increase the risk of violence. Some individuals under these condition felt threatened
first before attacks or uncontrolled anger outburst. They did not perceive themselves to
be more threatening or hostile to others, no more so, than any other affective disorder
individual. Usually these individuals are more hostile or violent to the people or persons
close to them. According to K. Taridiff, (1984), "people with severe depression are often
dependent on family for care. Within the family, the person most involved in the depressed
person's care usually the mother is most at risk, with violent person usually being a son
or spouse. One study of patients admitted to psychiatric hospitals found that, among those
who had attacked people during the time close to their admission, 65 percent of the sample
had attacked a family member." (p.37) Still, there has not been any solid data linking
depression to criminal behavior, only very violent behavior. But, does violent behavior
lead to criminal behavior? Research has shown no clear cut relationship between violent
behavior from depression and normal criminal behavior. We do know that depression
sufferers suffered in childhood, in the forms of sexual or physical abuse or neglect has
long term consequences, leading to depression related problems in later life and cycles of
familial violence is passed on from generation to generation. These people will continue
to go through this cycle if not treated and in most cases, dangerous or violent acts
committed by persons with depression disorders are mainly the result of neglect or
inappropriate or inadequate treatment. We must understand most depression can and is most
commonly treated by counseling and that depression is not a mental illness, but an
affective disorders that may lead to criminal behavior. Yes, depression is serious problem
in and of itself, is a risk factor for aggression and possibly even for criminal behavior.
Mental Illness and Violence Violence conditions for depression and mental illness are the
same, whether a person has a mental illness or not. Studies of violence and mental illness
has shown that people with a mental illness who came from violent backgrounds are often
violent themselves. Often violent family environments in which alcohol or substance abuse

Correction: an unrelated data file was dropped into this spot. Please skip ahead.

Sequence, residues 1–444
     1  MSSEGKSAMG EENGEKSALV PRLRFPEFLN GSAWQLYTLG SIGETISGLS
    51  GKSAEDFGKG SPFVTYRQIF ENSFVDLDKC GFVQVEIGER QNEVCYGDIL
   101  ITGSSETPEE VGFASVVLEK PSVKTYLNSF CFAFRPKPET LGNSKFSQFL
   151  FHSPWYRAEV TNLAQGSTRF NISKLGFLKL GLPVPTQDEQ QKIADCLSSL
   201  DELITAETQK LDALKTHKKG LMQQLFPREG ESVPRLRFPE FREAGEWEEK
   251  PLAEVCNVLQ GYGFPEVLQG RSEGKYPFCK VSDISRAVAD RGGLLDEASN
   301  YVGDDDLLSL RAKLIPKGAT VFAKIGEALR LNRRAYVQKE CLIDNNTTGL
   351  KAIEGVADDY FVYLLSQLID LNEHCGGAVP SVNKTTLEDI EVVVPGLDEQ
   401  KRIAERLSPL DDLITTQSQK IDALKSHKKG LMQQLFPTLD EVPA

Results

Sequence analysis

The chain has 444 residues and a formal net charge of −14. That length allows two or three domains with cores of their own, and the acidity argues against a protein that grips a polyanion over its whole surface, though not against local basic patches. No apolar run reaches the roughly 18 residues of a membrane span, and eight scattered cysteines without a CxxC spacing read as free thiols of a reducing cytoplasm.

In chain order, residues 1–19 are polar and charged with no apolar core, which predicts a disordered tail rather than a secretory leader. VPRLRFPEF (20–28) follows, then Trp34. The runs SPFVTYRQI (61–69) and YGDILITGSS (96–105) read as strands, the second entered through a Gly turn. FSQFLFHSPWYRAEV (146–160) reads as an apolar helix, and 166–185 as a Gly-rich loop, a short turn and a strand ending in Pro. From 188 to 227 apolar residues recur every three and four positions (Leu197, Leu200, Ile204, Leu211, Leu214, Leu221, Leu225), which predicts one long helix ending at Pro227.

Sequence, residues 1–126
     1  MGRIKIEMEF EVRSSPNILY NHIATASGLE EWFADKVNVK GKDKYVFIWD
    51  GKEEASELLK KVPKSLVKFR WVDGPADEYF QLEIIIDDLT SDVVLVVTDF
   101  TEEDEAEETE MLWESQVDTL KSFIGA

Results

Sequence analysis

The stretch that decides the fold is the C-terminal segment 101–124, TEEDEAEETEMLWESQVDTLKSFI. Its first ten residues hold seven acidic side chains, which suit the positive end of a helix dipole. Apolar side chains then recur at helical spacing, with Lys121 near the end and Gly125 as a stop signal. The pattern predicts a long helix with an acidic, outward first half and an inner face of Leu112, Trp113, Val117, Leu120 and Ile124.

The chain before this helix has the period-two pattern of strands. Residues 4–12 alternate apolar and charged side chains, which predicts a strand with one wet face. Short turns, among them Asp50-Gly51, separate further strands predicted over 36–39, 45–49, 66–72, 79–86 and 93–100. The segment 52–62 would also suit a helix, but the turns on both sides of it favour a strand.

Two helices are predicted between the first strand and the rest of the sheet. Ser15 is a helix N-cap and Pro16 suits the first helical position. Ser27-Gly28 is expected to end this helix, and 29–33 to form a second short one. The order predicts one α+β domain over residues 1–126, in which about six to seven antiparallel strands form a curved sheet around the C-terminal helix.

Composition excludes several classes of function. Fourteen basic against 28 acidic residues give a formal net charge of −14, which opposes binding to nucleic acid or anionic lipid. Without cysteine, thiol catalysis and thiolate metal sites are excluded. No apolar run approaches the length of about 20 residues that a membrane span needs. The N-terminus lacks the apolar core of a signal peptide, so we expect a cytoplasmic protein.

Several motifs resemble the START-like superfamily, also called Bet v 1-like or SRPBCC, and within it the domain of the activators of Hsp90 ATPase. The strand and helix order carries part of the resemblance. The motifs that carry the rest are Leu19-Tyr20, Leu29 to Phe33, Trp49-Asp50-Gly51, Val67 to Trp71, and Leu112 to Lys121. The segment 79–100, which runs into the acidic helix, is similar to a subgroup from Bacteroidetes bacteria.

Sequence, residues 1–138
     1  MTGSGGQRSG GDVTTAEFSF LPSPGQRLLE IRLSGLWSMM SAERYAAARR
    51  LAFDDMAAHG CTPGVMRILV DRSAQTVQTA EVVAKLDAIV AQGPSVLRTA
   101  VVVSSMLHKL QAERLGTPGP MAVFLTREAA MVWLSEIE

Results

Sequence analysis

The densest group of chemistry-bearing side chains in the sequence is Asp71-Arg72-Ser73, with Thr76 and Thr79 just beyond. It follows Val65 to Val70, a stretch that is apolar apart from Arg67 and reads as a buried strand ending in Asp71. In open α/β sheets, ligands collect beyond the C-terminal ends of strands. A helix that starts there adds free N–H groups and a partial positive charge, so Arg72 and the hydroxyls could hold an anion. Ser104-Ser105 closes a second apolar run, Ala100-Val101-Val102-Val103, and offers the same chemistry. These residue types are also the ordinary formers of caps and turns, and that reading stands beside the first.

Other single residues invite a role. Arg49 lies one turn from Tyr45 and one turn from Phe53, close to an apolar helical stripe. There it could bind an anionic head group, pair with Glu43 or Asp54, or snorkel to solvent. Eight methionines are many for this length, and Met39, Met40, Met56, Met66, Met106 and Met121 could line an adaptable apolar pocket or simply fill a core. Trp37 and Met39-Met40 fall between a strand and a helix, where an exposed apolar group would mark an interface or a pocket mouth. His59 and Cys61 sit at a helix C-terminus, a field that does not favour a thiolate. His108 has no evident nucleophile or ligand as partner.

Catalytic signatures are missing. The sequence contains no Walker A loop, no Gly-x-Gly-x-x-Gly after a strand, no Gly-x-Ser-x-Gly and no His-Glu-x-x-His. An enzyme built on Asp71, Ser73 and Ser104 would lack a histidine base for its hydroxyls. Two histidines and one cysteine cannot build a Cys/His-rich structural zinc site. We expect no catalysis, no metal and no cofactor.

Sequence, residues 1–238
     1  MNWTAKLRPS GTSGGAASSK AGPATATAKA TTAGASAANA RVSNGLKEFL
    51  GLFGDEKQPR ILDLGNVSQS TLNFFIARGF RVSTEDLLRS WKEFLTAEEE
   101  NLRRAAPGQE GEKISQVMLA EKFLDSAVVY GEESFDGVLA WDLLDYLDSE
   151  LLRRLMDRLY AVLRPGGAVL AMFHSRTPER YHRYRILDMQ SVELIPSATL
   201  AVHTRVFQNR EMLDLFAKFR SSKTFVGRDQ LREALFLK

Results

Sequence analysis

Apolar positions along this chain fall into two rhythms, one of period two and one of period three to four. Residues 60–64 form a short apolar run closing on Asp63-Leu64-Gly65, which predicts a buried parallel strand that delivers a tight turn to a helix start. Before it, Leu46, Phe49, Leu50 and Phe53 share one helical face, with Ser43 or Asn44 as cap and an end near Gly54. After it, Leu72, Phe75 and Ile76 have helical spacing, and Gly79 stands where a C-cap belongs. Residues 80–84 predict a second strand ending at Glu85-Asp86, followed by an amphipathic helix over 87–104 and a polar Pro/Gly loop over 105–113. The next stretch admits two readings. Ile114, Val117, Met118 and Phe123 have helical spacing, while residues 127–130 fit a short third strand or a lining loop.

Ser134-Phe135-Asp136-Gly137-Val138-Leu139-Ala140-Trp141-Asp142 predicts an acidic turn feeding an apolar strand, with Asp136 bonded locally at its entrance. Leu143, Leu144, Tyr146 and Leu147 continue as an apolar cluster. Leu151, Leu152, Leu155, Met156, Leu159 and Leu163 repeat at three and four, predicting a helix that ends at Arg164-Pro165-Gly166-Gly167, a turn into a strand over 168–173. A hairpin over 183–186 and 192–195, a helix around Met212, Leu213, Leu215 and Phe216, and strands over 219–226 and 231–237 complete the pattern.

is common, ongoing conflicts among family members and a controlling atmosphere are
associated with violence by persons with mental illness. Also, people with mental illness
that live in an unpredictable, stressful environment with little family, community support
and little personal understanding of his or her illness, may be at increased risk for
violence. Such conditions are all too common in our society, especially in our communities
with large populations, where sometimes family and social violence are common, as in
substance abuse. Stress can aggravate the symptoms of most mental illness, and
unfortunately, stress is often an unavoidable part of a mentally ill person's life. Very
often, people with severe mental illness end up living in reduced circumstances, forced to
do low paying work when they can work at all, living in dangerous neighborhoods, or much
too often, homeless. Such an environment aggravates the symptoms of a person struggling
with his illness, living in this threatening environment which is worsening his fears. The
combination of his deteriorating environment leaves him withdrawn and needing a way to
vent all of this pent-up rage locked away deep in his mind. This rage when released
usually is overwhelming upon release which usually becomes a violent outburst resulting in
some form of criminal act or behavior. According to a government study, (1983), "a survey
of people with mental illness reported that people with mental illness (schizophrenia:
which affects perhaps one in every 100 people) were nearly nine times more likely than